“Instead of calling a random list of people, you call FSBOs and expired listings and your sphere of influence and create a schedule so you’re making a certain number of calls each week,” Hibbert-Smith says. “I have a system to make sure I check up on people consistently.”
She also writes personal handwritten notes to stay in touch with past clients.
Don’t: Keep using your old photos and business cards
Real estate agents are well-known for putting their photos on everything from their postcards to their email signatures to their For Sale signs. While customers do like to put a name with a face, seeing your face everywhere can turn off some clients. Worse, a photo that doesn’t resemble the way you look now can be disconcerting at a first meeting.
“I get new photos done every year because I think people like to see change,” says Hibbert-Smith.
Your business card probably needs an update, too. A paper card can be useful to leave after a showing, but otherwise a virtual business card can be more valuable since it can’t be tossed in the trash.
“My digital business card includes all my contact info and my bio,” says Ruiz. “It can be quickly scanned into someone’s phone, and it syncs with my Calendly app to make it easier for people to set up an appointment with me.”
Do: Make connecting easy
While sending video text messages and posting on social media can get you noticed, Hibbert-Smith says converting is as important as communicating.
“You need a Call to Action with everything you do,” says Hibbert-Smith. “For example, you can post that you’ll be hosting a Zoom call about something happening in the market at a specific time with a link to register. That way you’re creating a database with people who register.”
Make yourself easy to find, too, with readily visible contact information anywhere someone sees your name.
“Social media should be used to reinforce other methods of proactive lead generation, not used as your sole marketing tool,” says Harris. “That’s too passive. You need to actively connect with people everywhere you go, including the line at the grocery store.”
Moss frequently connects people he knows that he thinks may want to work or socialize together by inviting them to small happy hours. While not every gathering results in a client, it’s a way to expand his network with people who are grateful for their new connections.
Too many agents “fake it until they make it” and promote themselves with a firehose approach to get clients, says Harris.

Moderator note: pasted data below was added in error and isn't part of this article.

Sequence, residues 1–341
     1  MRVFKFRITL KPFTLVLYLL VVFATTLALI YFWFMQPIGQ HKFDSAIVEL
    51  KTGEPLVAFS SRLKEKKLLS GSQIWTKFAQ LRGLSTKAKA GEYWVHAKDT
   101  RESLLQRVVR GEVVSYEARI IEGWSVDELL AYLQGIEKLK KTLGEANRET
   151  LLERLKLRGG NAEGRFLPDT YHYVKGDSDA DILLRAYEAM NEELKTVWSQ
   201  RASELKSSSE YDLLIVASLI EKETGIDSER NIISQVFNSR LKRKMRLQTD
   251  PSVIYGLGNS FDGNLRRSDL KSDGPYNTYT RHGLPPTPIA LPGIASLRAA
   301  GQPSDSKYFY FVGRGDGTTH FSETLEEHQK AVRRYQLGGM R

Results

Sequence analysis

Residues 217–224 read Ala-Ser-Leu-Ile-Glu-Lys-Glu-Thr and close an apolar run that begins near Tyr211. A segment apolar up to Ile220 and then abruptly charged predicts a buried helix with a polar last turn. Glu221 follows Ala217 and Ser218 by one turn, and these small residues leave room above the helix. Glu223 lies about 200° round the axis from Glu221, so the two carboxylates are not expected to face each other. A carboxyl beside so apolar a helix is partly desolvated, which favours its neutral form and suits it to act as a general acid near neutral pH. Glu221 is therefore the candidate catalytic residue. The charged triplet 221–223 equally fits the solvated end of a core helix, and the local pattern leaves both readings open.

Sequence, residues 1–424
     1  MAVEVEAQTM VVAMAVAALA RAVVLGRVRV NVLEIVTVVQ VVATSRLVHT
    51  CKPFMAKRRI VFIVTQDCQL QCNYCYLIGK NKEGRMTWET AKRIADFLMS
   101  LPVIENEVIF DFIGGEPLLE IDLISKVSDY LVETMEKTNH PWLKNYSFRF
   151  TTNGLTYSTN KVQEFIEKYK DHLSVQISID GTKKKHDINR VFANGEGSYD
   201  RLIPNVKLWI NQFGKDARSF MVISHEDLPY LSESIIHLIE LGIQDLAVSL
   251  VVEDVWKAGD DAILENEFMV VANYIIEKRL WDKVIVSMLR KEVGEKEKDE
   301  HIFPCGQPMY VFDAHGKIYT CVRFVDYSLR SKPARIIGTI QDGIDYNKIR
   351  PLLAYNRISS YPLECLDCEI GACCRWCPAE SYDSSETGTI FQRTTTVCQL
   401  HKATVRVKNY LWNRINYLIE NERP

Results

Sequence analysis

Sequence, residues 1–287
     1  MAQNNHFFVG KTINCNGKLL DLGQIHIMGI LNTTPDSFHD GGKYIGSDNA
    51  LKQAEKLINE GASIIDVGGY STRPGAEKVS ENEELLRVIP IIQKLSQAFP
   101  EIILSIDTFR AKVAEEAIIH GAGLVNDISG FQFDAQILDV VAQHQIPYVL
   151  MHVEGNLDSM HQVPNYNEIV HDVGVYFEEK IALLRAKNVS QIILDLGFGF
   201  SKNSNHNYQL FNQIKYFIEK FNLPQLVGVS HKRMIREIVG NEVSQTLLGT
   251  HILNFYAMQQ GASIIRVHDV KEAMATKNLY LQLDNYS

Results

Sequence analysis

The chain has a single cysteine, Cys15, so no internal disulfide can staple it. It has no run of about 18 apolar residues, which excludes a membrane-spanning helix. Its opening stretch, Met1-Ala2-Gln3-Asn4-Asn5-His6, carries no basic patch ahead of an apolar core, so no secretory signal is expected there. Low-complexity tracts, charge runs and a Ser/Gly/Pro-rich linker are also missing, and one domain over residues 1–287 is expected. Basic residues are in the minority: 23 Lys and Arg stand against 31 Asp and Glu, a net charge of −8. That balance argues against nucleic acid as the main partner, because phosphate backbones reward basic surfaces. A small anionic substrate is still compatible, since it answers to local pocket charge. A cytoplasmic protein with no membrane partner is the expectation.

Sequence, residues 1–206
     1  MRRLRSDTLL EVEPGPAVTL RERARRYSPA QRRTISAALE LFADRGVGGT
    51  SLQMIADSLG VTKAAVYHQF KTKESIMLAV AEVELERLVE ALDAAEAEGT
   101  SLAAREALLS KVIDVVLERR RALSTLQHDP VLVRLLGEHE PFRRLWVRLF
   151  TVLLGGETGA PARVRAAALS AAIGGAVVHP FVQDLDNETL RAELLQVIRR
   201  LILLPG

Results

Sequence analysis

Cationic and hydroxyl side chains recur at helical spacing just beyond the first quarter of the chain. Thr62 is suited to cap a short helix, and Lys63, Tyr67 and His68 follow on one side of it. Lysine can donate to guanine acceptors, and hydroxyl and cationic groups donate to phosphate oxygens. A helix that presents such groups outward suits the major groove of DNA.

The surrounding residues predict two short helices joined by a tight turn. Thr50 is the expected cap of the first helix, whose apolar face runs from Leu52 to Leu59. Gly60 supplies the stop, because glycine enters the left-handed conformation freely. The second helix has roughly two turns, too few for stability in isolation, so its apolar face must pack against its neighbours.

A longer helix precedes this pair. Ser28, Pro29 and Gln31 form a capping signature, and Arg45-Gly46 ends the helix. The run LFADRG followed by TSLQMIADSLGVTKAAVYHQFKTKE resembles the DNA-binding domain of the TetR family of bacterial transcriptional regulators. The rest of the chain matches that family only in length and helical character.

“You need to make your marketing about what you can do for others, not about your own success,” says Harris. “You need to earn your reputation as a professional by focusing on your clients. The best marketing of all is a ‘Sold’ sign in someone’s neighborhood.”
On the other hand, you do need to show people that you’re a working professional.
“People want to see that you’re busy—but not too busy for them—and that you work hard. So you need to find a way to showcase your clients more than yourself,” says Atkinson. “If you brag about your sales stats and awards, that can backfire because people will think you’re too busy for them.”
Do: Focus on your niche
Relocation buyers are Atkinson’s niche, so she develops her marketing strategy to attract attention from buyers across the U.S. who may want to move to Tampa.
“It’s important to market around what you like and what you want to do with your career,” says Atkinson. “For someone who wants to farm a neighborhood, it’s smart to heavily market around community events. I highlight those, too, but with a broader scope around what it’s like to live in Tampa.”
Moss, whose niche is clients in the sports and entertainment industry, recommends leaning into your niche to find new ways to market to it. He provides real estate education for NFL teams and meets potential clients at industry events.
“If your niche is historic homes, for instance, join the local historic review board to make more connections in the community,” Moss says.
Don’t: Forget to analyze your marketing tools
An annual analysis of where your clients come from provides valuable information about what marketing strategies are working and whether you are using your time and money wisely.
“Too many agents today spend too much money on branding and marketing that creates the illusion of being successful,” says Harris. “You don’t always need the shiny new thing. It’s more important to reach out to past clients and FSBOs and expired listings and your network and offer them the value of your expertise.”
To analyze specific tools, you need to use them for at least six months, says Hibbert-Smith.
“You can’t get reliable analytics if you do something inconsistently or for less time,” she says. “You need to see what’s working by checking to see how many people are interacting with your social media and by reviewing where your leads come from.” #
Michele Lerner is a Washington, D.C.,-based freelance writer.